John

  5. Fanny Mitchell says:

    Well I can’t compete with that! This is really to wish James a belated happy birthday, and the best year yet. All sounding pretty good and I am now wired into the blog on a daily basis. Enjoy the Pasteis (custard cakes) in Portugal…you prob know them anyway, but worth seeking them out.
    Fanny

  6. Dennis says:

    For Jonathan – at his request – the Lyrics of Starman
    (Where shown … extend the phrasing)

    Goodbye love
    Didn’t know what time it was the lights were low …
    I leaned back on my radio…
    Some cat was layin down some rock n roll lotta soul, he said
    Then the loud sound did seem to fade…
    Came back like a slow voice on a wave of phase…
    That weren’t no D.J. that was hazy cosmic jive

    (Chorus)
    There’s a Starman waiting in the sky
    He’d like to come and meet us
    But he thinks he’d blow our minds
    There’s a Starman waiting in the sky
    He’s told us not to blow it
    Cause he knows it’s all worthwhile
    He told me:
    Let the children lose it
    Let the children use it
    Let all the children boogie

    I had to phone someone so I picked on you…
    Hey, that’s far out so you heard him too…
    Switch on the tv we may pick him up on channel two
    Look out your window I can see his light…
    If we can sparkle he may land tonight…
    Don’t tell your poppa or hell get us locked up in fright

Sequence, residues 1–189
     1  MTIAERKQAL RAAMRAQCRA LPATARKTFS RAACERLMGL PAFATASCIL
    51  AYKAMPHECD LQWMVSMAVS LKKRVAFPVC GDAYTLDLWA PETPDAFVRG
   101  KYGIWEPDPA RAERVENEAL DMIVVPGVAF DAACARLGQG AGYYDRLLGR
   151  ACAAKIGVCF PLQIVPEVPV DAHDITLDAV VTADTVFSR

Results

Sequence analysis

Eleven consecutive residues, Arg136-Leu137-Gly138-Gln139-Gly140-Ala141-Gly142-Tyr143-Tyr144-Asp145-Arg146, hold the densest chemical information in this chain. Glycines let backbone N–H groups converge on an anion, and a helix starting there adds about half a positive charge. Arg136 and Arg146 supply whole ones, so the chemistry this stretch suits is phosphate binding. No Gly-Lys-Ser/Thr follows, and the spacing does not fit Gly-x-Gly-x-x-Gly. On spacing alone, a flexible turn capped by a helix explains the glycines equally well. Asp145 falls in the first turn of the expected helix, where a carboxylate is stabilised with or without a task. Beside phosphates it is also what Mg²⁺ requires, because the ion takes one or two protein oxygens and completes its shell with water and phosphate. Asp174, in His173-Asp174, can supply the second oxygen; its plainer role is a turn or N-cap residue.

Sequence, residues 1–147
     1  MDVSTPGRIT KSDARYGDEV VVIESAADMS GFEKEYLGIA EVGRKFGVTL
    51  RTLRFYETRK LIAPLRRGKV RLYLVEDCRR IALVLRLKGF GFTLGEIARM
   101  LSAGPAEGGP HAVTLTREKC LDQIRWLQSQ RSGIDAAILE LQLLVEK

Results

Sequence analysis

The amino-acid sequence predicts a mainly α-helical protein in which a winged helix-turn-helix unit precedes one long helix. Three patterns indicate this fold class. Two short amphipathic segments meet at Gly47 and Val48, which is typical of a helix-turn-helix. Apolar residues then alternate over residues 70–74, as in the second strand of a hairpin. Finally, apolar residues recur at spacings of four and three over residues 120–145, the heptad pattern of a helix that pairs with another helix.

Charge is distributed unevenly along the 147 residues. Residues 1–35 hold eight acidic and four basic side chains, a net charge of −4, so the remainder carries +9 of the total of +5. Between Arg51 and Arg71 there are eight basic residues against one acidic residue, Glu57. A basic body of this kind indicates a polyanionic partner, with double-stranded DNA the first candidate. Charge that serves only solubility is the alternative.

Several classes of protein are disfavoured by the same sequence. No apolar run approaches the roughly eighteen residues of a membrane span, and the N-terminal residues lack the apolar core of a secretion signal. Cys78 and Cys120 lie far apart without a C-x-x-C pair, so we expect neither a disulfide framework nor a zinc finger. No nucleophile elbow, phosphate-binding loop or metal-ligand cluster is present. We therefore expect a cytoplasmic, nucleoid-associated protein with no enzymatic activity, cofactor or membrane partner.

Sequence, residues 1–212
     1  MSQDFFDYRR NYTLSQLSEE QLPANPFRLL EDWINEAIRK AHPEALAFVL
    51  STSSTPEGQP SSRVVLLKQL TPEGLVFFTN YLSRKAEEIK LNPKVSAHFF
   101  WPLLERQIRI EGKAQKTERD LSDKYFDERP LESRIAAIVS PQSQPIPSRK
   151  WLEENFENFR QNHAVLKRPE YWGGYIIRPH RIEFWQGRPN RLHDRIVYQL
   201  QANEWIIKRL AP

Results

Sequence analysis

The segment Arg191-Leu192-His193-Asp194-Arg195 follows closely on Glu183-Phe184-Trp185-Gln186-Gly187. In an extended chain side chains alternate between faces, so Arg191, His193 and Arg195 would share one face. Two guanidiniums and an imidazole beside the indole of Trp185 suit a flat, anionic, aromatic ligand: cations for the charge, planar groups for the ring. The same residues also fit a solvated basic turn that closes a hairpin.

(Chorus 2x)

    La, la, la, la, la, la, la, la (12 x)

    Though those of a more mature age might like…

    Sloop John B

    We come on the Sloop John B
    My grandfather and me
    Around nassau town we did roam
    Drinking all night
    Got into a fight
    Well I feel so broke up
    I want to go home

    So hoist up the John B’s sail
    See how the mainsail sets
    Call for the captain ashore
    Let me go home, let me go home
    I wanna go home, yeah yeah
    Well I feel so broke up
    I wanna go home

    The first mate he got drunk
    And broke in the cap’ns trunk
    The constable had to come and take him away
    Sheriff John Stone
    Why don’t you leave me alone, yeah yeah
    Well I feel so broke up I wanna go home

    So hoist up the John-B’s sail
    See how the mainsail sets
    Call for the captain ashore
    Let me go home, let me go home
    I wanna go home, let me go home
    Why don’t you let me go home
    (hoist up the John-B’s sail)
    Hoist up the John-B
    I feel so broke up I wanna go home
    Let me go home

    The poor cook he caught the fits
    And threw away all my grits
    And then he took and he ate up all of my corn
    Let me go home
    Why don’t they let me go home
    This is the worst trip I’ve ever been on

    So hoist up the John-B’s sail
    See how the mainsail sets
    Call for the captain ashore
    Let me go home, let me go home
    I wanna go home, let me go home
    Why don’t you let me go home

    Cheers and enjoy the sing-song…

  7. Dennis says:

    Of course that last verse should say “this is the best trip”…